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Gulf of Guinea Expeditions 

April 20, 2012

The Race: Mountains That Glow

Drs. Brian Simison and Tomio Iwamoto and Roberta Ayres and Rayna Bell left early this morning on the TAP flight for home; five of us remain: our two botanists on Principe and three of us here on Sao Tome continue.  It is time for a science update, especially since it is pouring rain as I write, and our biodiversity education mission on the big island is completed for now.


Last week, and for the first time, Academy scientists collected the top of Pico do Sao Tome. At over 2,000 meters, the peak is remote and can be quite dangerous to ascend in the rainy season, especially carrying equipment. Our guys were able to accomplish this with help from our friends, Andre Reis, Hugo Serodio and Antonio Fernandes. Andre runs Tropic Ventures, a new company that provides various tourist activities including car rentals, water sports, etc but they also take on really hairy missions into the interior of the island. Andre is ex-military (Portuguese) and his company, equipment and skills are very, very good.


After a postponement due to the rains, Jim Shevock, Miko Nadel, and our photographer Andrew Stanbridge made two-day ascent, collecting all the way.


Those who know Jim Shevock, the Academy’s moss expert, will not be surprised to learn that he went nuts. I have no idea how many moss specimens he got nor how many are new, but to say he was enthusiastic upon their return would be a gross understatement.


But the neatest discovery was made by Miko Nadel, our lichen grad student from San Francisco State.  Sitting and eating dinner in the darkness, Miko looked down and thought he saw Andrew’s wristwatch on the ground, glowing at his feet. What he soon discovered was not Andrew’s watch but a patch of  bioluminescent mushrooms!



Miko’s graduate advisor, Dr. Dennis Desjardin, a world authority on mushrooms, was with us on GG II and GG III and made the first comprehensive survey of both islands. But , curiously, Dennis (a Fellow of CAS) has recently been doing cutting edge research on bioluminescent mushrooms! So I waited until Dennis gave his OK, before posting Andrew’s images of these remarkable fungi. As usual, we will not know what all this means until we return to CAS for analysis. That is how science works.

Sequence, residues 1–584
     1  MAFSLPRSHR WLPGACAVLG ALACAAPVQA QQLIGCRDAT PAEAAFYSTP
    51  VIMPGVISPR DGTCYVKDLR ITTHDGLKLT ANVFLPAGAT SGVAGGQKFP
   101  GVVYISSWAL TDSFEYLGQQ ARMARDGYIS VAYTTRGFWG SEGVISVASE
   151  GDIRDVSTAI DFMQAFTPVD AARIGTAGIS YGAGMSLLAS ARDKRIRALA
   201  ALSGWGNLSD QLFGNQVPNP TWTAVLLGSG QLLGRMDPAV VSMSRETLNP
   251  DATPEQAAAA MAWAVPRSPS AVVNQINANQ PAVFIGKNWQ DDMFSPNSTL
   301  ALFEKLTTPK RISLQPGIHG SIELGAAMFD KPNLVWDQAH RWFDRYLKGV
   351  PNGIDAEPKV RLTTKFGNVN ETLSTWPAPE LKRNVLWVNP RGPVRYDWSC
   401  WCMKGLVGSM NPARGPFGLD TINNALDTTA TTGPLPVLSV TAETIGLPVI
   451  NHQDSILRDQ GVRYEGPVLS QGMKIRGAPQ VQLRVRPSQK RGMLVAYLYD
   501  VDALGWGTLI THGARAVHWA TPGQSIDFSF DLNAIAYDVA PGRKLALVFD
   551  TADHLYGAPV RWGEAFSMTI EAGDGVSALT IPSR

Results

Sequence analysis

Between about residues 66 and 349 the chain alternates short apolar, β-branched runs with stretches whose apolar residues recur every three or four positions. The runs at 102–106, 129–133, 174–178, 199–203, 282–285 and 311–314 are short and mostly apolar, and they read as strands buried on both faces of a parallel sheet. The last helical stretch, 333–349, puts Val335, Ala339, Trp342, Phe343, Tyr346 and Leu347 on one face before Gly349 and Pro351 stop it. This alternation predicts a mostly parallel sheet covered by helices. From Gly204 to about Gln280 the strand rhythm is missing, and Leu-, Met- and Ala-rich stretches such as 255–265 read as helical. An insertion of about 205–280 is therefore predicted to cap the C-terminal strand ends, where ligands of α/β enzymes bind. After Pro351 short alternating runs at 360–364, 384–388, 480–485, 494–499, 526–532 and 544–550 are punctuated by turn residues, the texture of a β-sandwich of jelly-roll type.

Rayna Bell’s mission was to examine the possible hybridization between the Sao Tome giant treefrog, Hyperolius thomensis and the oceanic treefrog, H. molleri.  We have had genetic and phenotypic hints that this might be happening for some time now.  Rayna’s PhD thesis at Cornell is on the evolution of sexual dichromatism in African treefrog species.


It looks as though hybridization is indeed going on between the two species at about 800 to 900 meters. Rayna was able to get samples of the giant frog at 1400 meters and then sampled “downhill” at various elevations to nearly sea level, in oceanic treefrog territory.  We had great help from Joao Pedro Pio, a young Portuguese friend who is working on the endemic maroon pigeon; lucky for us, he loves adventure and frogs.  Rayna is tireless, bright and fun to be with; but among us bush herpetologists, the real test is how one does in the boonies. She is wonderful; I was proud to have her along with us.


And by the way, last night (Rayna’s last), she and Andrew visited the “magic tree” where we have always found the giant treefrog.. they came in about midnight, and told me that as they sat next to the tree, waiting for frogs, the entire forest floor around them was aglow!

It is still raining and outside my door, a Sao Tome prinia is hopping around in the bushes; I will let Andrew’s pictures speak of Tomio Iwamoto and Brian’s adventures in Micoló catching mudskippers and pipefish.